In a previous IJIC editorial I reflected on the fact that we have yet to make any significant breakthrough to understand the implementation and sustainability of complex service innovations that so characterise the development of integrated care programmes . Without such knowledge we might be able to explain the core building blocks of integrated care systems, but we cannot adequately explain the intricacies of effective implementation nor fully understand the causes of the outcomes we observe. This is not simply a methodological problem but reflects a more deep-rooted challenge in the lack of value that is placed both in the commissioning of such research and the findings that are produced.
Last month I attended a one-day seminar in London, attended by a ‘who’s who’ of health service researchers, examining the Challenges of Evaluating Integrated Care Programmes. This was hosted by the Health Foundation and the Nuffield Trust and was a chance to reflect on the evidence for integrated care following the recent conclusion of the three-year New Care Models programme funded by NHS England [2, 3, 4]. This itself built on earlier and well evaluated programmes such as the Integrated Care Pilots  and Integrated Care Pioneers . Specifically, the seminar asked why all this research had yet not been able to reach any definitive conclusion to how the impact (positive, negative or neutral) of different integrated care strategies could be explained?
For example, evidence was presented at the meeting that multi-speciality community providers (MCPs) – one of the new care models in England that sought to promote specialist care in the community – had had a collective impact in the lowering of emergency hospital admissions (if not overall bed days) . However, given the significant variation in ‘the what and the how’ of implementation in practice, it has been impossible to really understand what interventions or processes have been able to make the difference, how these should be balanced in practice, or indeed at what cost . This means we don’t really have enough knowledge on what or how to implement things, nor on what really makes a difference to the outcomes we observe – the very practicalities that managers and professionals need if they are to replicate or adopt new ways of working effectively.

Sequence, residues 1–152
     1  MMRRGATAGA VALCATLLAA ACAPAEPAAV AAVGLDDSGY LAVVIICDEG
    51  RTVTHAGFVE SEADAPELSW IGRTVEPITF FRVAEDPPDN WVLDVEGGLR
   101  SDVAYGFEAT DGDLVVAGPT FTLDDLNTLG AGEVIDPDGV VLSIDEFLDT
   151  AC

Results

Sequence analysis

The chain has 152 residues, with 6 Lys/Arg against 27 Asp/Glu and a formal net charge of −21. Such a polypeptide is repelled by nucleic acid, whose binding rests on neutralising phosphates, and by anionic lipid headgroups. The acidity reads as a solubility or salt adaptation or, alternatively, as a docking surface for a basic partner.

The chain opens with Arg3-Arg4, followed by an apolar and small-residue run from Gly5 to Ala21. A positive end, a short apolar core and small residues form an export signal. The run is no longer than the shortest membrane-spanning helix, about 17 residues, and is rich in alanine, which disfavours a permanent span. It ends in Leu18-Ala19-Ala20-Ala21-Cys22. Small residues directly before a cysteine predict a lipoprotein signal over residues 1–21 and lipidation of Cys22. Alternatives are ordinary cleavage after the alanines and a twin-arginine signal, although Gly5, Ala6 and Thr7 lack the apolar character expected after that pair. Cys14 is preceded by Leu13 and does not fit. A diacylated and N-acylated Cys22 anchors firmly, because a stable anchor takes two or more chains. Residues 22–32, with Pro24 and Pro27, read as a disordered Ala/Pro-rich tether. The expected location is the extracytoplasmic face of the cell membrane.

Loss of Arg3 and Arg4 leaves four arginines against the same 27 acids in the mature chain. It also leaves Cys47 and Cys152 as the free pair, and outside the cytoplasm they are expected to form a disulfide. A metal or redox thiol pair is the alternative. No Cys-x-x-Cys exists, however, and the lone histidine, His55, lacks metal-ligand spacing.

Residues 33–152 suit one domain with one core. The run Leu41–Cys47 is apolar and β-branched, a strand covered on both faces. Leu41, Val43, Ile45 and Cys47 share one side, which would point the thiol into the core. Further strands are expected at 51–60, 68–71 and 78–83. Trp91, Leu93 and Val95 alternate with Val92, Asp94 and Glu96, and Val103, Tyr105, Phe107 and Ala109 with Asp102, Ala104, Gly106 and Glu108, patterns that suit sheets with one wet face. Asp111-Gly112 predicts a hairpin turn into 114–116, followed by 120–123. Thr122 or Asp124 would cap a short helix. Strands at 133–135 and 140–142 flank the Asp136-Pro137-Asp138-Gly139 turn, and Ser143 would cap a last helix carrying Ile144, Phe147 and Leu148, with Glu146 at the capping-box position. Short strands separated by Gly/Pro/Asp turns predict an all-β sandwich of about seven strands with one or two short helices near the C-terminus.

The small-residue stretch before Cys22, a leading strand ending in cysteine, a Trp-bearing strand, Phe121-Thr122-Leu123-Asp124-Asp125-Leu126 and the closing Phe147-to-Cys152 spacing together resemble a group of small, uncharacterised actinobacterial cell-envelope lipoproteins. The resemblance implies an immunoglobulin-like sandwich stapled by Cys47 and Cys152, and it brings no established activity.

The upshot of the discussion was that we needed research which allowed for a deeper dive into the ‘black box’ of complexities that integrated care initiatives present. However, it was also noted that evaluations, even those of the highest technical quality, rarely have been given the opportunity to use an implementation science approach to examine what happens at the operational level. Moreover, because such qualitative research is both time- and resource-intensive (for example, requiring ethnographic and observational methods) such investigations are often based on surveys and/or case study approaches of limited design. The consequence is that this results in a list of ‘truisms’ – e.g. ‘teamwork is essential’, ‘effective leadership matters’, or ‘success depended on a positive organisational culture’. Such findings give you an understanding of the outcome domains that matter when evaluating the difference between success and failure, but don’t solve the problem of the practical tools and approaches that might be used in specific contexts to build or replicate such capabilities (if required, of course, since some things happen naturally or even by fluke).
If we are serious about understanding the ‘black box’ of complexities, then we need to take social science seriously. Unfortunately, the value of an implementation science approach is under-appreciated, rarely commissioned and often not published in the ‘high impact’ journals as they are seen as lower on the evidence hierarchy from which decisions are made. This is despite the overwhelming evidence that it is the ‘softer’ issues such as leadership and management, effective teams and networks, and positive cultures and behaviours that are the most likely to be deciding factors in whether innovations in integrated care succeed or fail. Investigations, therefore, need to become much more granular in understanding how behaviours are influenced and the practical tools and approaches required to do so.
To take a step forward in the development of practical tools to support the implementation of integrated care in practice, a cross-European project called SUSTAIN (Sustainable Tailored Integrated Care for Older People in Europe) sought to understand what worked, and what didn’t work, when making improvements to highly variable integrated care initiatives across 7 different countries . The results of the 4-year study found the usual suspects – for example, related to things like the impact of professional attitudes and relationships, the importance of well-functioning teams, cultural factors and local contexts.